Tuesday, August 18, 2020


"David Graeber on harmful jobs, odious debt, and fascists who believe in global warming" (Kučić):
"Right now I am getting mails from Virgin Media. I moved from my old place recently and canceled my subscription. But they are somehow still charging me for the last two months that I have not even lived there. They have been sending me increasingly threatening and obnoxious letters because they know that there is an apparatus of law on their side. If you simply refuse to comply, at some point, it’ll go to a bailiff, who will harass you, and if you refuse long enough, and the amount is large enough, they’ll start taking things away, and if you try to stop them, threats of physical force come into the picture.
We can easily forget that violent coercion lies behind all our laws. The power to do harm. In the case of the annoying bill collector, it might thirty or even a hundred steps away. But it’s always there, because otherwise, you’d just ignore it. And there is another interesting correlation that I have been thinking about lately.
Which is?
Maybe it is also the case that the more potential harm you can do to other people the more you get paid.
What do you mean?
I always say that the more obviously your work benefits others, the less you’re likely to be paid. Someone suggested to me recently that maybe that’s backwards: the more your work is capable of harming others, the more you’re likely to be paid. I immediately thought of a study by an economist named Blair Fix who did an analysis of income in the corporate sector, and discovered that the key to compensation is not “productivity”, as economists usually insist, but simply power. The higher up you are in the chain of command, the bigger your salary. In a way this is hardly news to anyone. But he has the numbers. So it’s all about power.
Power to do what?
Well that’s the question. Perhaps it really is just the sheer potential to do harm. Just as Wall Street doesn’t really benefit the public much but it can do enormous damage if it crashes. Maybe capitalism is just a privatised form of power, directly derived from feudal-military forms of power.
Just think of corporations as the cathedrals of capitalist power. Their owners already possess all the wealth and power anyone can possibly have. At a certain point you’ve already got all the money and pleasures, all the hookers and cocaine, you can possibly want. All that’s left is just ego and narcissism. That’s why you have these legions of useless employees: so some asshole Executive Vice President can say “behold my empire! It is somewhat larger than that other Executive Vice President’s empire.”
The planet is dying because so people like that can feel good about themselves. They are sucking up enormous resources building their giant towers and filling them with useless flunkies simply for ego-gratification. When I got accounts of bullshit jobs, I heard about endless examples of this sort of thing. Every corporation needs to have its own in-house magazine with high production values and regular feature articles profiling this or that high level manager. For what possible reason? No one reads these magazines! Well, almost no one. They exist so every manager can have the pleasure of seeing a flattering article about themselves in what looks like a news magazine.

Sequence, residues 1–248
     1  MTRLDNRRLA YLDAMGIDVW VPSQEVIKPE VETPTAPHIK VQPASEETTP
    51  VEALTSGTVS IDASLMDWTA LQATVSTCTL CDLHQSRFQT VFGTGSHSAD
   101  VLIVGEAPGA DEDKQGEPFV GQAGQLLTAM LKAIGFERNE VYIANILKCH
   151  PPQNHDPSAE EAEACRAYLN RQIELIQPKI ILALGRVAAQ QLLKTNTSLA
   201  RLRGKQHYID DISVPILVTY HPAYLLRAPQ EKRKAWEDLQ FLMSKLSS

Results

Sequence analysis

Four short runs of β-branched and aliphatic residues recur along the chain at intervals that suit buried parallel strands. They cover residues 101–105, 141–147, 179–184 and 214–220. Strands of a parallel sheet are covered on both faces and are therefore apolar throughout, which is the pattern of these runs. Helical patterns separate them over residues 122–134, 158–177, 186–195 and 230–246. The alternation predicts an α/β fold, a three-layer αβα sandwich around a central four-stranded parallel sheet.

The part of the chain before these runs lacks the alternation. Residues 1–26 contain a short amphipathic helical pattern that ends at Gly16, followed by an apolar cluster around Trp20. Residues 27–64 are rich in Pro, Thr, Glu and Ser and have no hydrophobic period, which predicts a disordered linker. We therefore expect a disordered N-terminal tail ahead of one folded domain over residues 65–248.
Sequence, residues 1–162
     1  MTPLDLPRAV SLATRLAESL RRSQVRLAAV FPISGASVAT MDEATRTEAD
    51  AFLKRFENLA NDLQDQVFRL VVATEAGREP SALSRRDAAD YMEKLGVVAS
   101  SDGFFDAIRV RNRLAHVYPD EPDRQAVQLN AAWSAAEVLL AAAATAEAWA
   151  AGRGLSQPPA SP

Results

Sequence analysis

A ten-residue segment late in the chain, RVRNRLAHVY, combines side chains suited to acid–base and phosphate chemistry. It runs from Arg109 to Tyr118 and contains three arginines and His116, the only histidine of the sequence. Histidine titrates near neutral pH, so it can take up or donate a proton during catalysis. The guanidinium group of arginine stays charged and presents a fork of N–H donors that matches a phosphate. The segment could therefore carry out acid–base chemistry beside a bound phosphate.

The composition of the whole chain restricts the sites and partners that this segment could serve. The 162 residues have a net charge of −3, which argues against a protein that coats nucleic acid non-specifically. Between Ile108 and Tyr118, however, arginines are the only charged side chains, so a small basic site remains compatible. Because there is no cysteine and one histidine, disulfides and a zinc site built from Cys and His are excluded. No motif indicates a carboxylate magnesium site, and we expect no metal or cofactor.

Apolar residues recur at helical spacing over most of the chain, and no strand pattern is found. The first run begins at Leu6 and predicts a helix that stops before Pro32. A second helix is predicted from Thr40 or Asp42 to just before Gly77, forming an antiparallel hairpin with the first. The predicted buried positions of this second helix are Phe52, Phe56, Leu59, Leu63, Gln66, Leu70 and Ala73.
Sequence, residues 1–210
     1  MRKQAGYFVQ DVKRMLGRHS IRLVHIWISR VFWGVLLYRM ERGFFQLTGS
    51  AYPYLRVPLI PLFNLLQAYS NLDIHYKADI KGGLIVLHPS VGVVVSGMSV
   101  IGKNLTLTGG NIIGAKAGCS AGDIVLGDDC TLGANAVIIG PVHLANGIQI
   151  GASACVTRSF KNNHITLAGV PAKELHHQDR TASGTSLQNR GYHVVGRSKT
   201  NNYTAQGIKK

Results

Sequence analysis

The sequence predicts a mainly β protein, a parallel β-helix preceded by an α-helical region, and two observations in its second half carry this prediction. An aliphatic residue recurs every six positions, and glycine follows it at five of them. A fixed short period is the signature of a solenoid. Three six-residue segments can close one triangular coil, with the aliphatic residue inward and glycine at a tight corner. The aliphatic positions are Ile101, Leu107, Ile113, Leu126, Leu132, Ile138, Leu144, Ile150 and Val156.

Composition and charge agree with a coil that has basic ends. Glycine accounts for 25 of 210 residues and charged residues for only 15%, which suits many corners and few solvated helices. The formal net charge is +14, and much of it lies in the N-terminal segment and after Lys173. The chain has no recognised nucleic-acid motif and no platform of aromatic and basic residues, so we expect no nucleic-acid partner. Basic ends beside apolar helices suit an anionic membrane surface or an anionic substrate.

Whole species of living creatures are being wiped out every year for this sort of thing. But ultimately, it happens because he is in a position to make life miserable for others.
And of course the pandemic has highlighted the reverse side of this: the more immediately your work helps other people the less you are likely to be paid."
We've seen this over and over again with 'too big to fail'. We have to keep paying them off to avoid the consequences of their incompetence. Writ large, that's the economy.

One of the striking lessons we should have learned from the pandemic is that it is odd the economies didn't collapse more.  It's because in modern capitalism most people are not only not 'essential', they are completely useless on any sane measure of usefulness or productivity.  When they stop 'producing', there are literally no consequences.

"Bureaucracies are not places where promotion is based on merit. It’s where promotion is based on your willingness to play along with pretense that promotion is based on merit. It is very similar in the academic environment. It is not really important how smart you are. It is more important to pretend that people on the top have some reason to be there even if you – and everybody else – know that it is not the case. The greatest sin is to believe that you are entitled to a certain academic position just because you are actually good at teaching or research.
If you come from the wrong social background, especially, you will learn that yes, it is possible to be accepted as a member of the elite, but only if you are willing to act as if your greatest life aspiration is to be accepted by them—whether or not they have any actual reason to be there."
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